VMware, New Dell Unit, Refreshes Cloud Platform
VMware rolled out a batch of upgrades to its hybrid cloud management platform a day after it was merged as part of EMC Corp. with Dell Inc.
VMware (NYSE: VMW) unveiled a "complete refresh" of its cloud management platform during a company event on Tuesday (Oct 13) in Barcelona, Spain. The upgrades include new versions of its vRealize Automation and vRealize Standard management tools. These and other vRealize upgrades are intended to speed the delivery of services across public and private clouds and make it cheaper to do so, the company said.
As more enterprises move to hybrid cloud infrastructure, "We are moving to a faster release cycle" on the vRealize management platform, Rob Smoot, VMware's vice president for cloud management product marketing, noted in an interview.
Its vRealize Automation 7 tool is intended to deliver "unified" services across hybrid clouds so IT and DevOps teams can accelerate the secure delivery of multi-tier applications across public and private clouds. The version 7 release also is integrated with NSX 6.2, VMware's network virtualization platform for software-defined datacenters, to help configure networks and enable micro-segmentation that is "unique to each application.
NSX is designed to dynamically configure networks to meet specific performance requirements for each cloud-based application. "Micro-segmentation is the key use case for NSX," Smoot stressed, adding that the management platform upgrades position it for virtual environments as well as software-defined datacenters.
The upshot is the accelerated delivery of applications by what VMware claims is an average of 18 days along with reduced cloud capacity usage and improved hardware cost "avoidance" per application.
Potential cost savings are also the key selling points behind the upgraded vRealize Business Standard tool designed to help IT teams control costs while improving hybrid cloud services. The tool allows administrators to compare costs between vCloud Air, Amazon Web Services and other public clouds supported by vRealize Automation. The upgraded version of the business tool adds support for Microsoft Azure.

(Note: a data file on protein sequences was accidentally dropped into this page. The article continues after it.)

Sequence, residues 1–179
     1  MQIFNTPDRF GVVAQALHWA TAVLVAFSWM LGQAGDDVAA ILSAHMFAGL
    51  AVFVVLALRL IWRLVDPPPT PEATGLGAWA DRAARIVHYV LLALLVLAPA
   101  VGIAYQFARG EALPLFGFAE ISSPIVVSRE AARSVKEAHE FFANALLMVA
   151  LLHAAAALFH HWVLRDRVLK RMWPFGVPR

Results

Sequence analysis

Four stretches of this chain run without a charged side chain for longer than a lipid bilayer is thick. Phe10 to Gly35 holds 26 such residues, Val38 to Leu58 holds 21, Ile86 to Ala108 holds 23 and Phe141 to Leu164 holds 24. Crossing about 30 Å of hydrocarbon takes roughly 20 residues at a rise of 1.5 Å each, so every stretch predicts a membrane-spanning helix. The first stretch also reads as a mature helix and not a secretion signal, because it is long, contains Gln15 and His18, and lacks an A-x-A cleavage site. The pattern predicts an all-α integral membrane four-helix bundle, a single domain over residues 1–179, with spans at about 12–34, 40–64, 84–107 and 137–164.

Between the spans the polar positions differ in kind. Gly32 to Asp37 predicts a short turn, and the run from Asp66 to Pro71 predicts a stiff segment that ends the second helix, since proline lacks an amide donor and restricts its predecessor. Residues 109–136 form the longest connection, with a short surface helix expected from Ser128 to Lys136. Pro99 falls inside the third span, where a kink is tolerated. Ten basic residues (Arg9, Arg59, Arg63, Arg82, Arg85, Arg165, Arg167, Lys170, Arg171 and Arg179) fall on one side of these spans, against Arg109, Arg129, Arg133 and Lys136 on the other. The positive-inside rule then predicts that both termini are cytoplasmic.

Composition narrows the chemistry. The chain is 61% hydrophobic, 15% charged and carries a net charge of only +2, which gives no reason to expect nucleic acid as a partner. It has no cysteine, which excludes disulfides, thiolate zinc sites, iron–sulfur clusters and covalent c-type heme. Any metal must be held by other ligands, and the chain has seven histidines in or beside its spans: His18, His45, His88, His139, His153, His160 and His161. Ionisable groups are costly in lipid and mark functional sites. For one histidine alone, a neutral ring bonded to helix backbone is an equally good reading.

"Cost is really a critical factor to compete with other cloud providers—cost and where to put critical workloads," Smoot noted.
Other vRealize cloud management tools being released by VMware include Operations and Log Insight tools.
The latest versions of the vRealize Automation and Business Standard will be available as standalone products or part of a vRealize suite by the end of the year.
Smoot emphasized that the upgraded cloud management tools target initial provisioning of applications as well as "Day 2 operations" covering the lifecycle of a given application.
The product upgrades come one day after the announcement that VMware's parent, storage leader EMC Corp. (NYSE: EMC) will merge with Dell Inc. in a deal estimated to be worth $67 billion. VMware would remain an independent, publicly-trade company.
Analysts see the merger as part of an ongoing datacenter consolidation as compute, storage, networking and virtualization continue to converge. One reason, according to Loring Wirbel, a senior analyst who tracks networking and storage for the Linley Group, is the inevitable demise of storage network specialists that are being "swallowed up by server or server-and-switch players."
Added Wirbel, "The one thing that deals like Dell-EMC point out is that some form of diversification in the datacenter must take place at another level, say in a new slew of startups in virtualization or [network function virtualization] because customers won't stand for single-supplier lock-in for their server banks and their switches and their storage subsystems."